AutoRIC Automated Remote Ischemic Conditioning Device Receives CE Approval

AutoRIC Automated Remote Ischemic Conditioning Device Receives CE Approval

The autoRIC™ Device – CE Mark approved in EU

The autoRIC™ Device is a new, portable, automated device that provides ‘point of care’ delivery of remote ischemic conditioning that does not impede use of other standard of care; while remaining simple, consistent, and time-efficient to administer.

CellAegis Devices products are for research only and are not for sale in US and Canada.

Remote Ischemic Conditioning (RIC)

Brief episodes of repetitive ischemia/reperfusion (e.g. 4 cycles of 5 minutes ischemia/5 minutes reperfusion) applied to a limb induce REMOTE protection of other organs (e.g. the heart) against permanently damaging and potentially lethal ischemic/reperfusion injury.

Remote Ischemic Pre-Conditioning (RIPC)

Induction of innate mechanisms of resistance against potentially lethal ischemia reperfusion injury by prior repeated, short (3-5 minutes) episodes of ischemia and reperfusion (e.g., prior transient ischemia of the arm to protect against myocardial infarction).


Remote Ischemic Per-conditioning (RIPerC)

Induction of a similar degree of protection against ischemic damage, by applying the same remote stimulus (e.g., transient limb ischemia) during a period of prolonged ischemia, but prior to reperfusion, a technique particularly suited as an adjunct to treatment of unpredictable ischemia-reperfusion syndromes, such as evolving myocardial infarction and possibly stroke.

Chronic Remote Ischemic Conditioning (CRIC)

A new concept whereby the remote ‘conditioning stimulus is repeated daily for weeks after a sentinel ischemic event (e.g. myocardial infarction), to harness against the acute effects of ischemia-reperfusion injury, and also to modify post reperfusion remodeling responses in the affected organ.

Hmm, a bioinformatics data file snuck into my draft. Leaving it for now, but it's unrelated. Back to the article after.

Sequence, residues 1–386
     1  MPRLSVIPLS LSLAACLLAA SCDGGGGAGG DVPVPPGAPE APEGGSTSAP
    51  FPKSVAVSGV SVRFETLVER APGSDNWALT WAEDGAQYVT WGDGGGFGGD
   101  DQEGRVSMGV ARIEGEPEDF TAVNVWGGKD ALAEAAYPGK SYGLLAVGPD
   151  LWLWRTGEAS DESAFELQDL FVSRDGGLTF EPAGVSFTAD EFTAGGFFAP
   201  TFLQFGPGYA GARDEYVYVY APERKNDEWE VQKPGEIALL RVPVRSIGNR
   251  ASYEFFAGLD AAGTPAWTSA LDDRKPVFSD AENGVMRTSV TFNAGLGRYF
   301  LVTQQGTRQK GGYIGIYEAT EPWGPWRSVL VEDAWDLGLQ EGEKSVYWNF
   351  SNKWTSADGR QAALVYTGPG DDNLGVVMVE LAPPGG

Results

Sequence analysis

CellAegis has received CE Mark for its autoRIC device, a portable automated solution for remote ischemic conditioning (RIC) at the point of care. Remote ischemic conditioning is a relatively novel concept of protection against ischemia-reperfusion injury that happens in cases such as myocardial infarction. CellAegis’ autoRIC Device has been developed for acute care applications in the ambulance, emergency room and other hospital settings, or for chronic treatment in the home, and can be used alongside current standards of care.

It has long been known that temporarily occluding a coronary artery will allow the affected heart muscle to later survive longer periods of interrupted blood supply. However, more recently it has been shown that doing the same in distal muscle tissue may have the same effect, a phenomenon called remote ischemic conditioning. Remote ischemic conditioning uses sequences of short, controlled periods of reduced or no blood flow (ischemia) in a limb followed by resumed blood flow (reperfusion). This phenomenon can be employed either before, during or after prolonged distant organ ischemia.

How exactly RIC protects against reperfusion injury is yet unknown, but it is thought to activate certain innate mechanisms of metabolic protection in the body. RIC has been shown to be applicable in many conditions involving organ ischemia including myocardial infarctions, cardiac surgery, stroke, trauma and organ transplantation. CellAegis cites studies showing that RIC can reduce heart damage by up to 40-50% in an evolving heart attack, improve left ventricular ejection fraction in left anterior descending coronary artery infarction, is associated with reduced subsequent cardiovascular events late after percutaneous coronary interventions (PCI) and reduces incidences of contrast-induced nephropathy.

Limb ischemia can be induced by simply inflating a standard blood pressure cuff and the autoRIC essentially provides an automated version of this procedure, making it simple, consistent and time-efficient to administer. An international randomized controlled trial of the autoRIC device in patients undergoing elective PCI and cardiac surgery, including coronary artery bypass graft (CABG) surgery will commence in the second half of this year. Over 1000 patients will be enrolled across centers in the E.U. and U.S.

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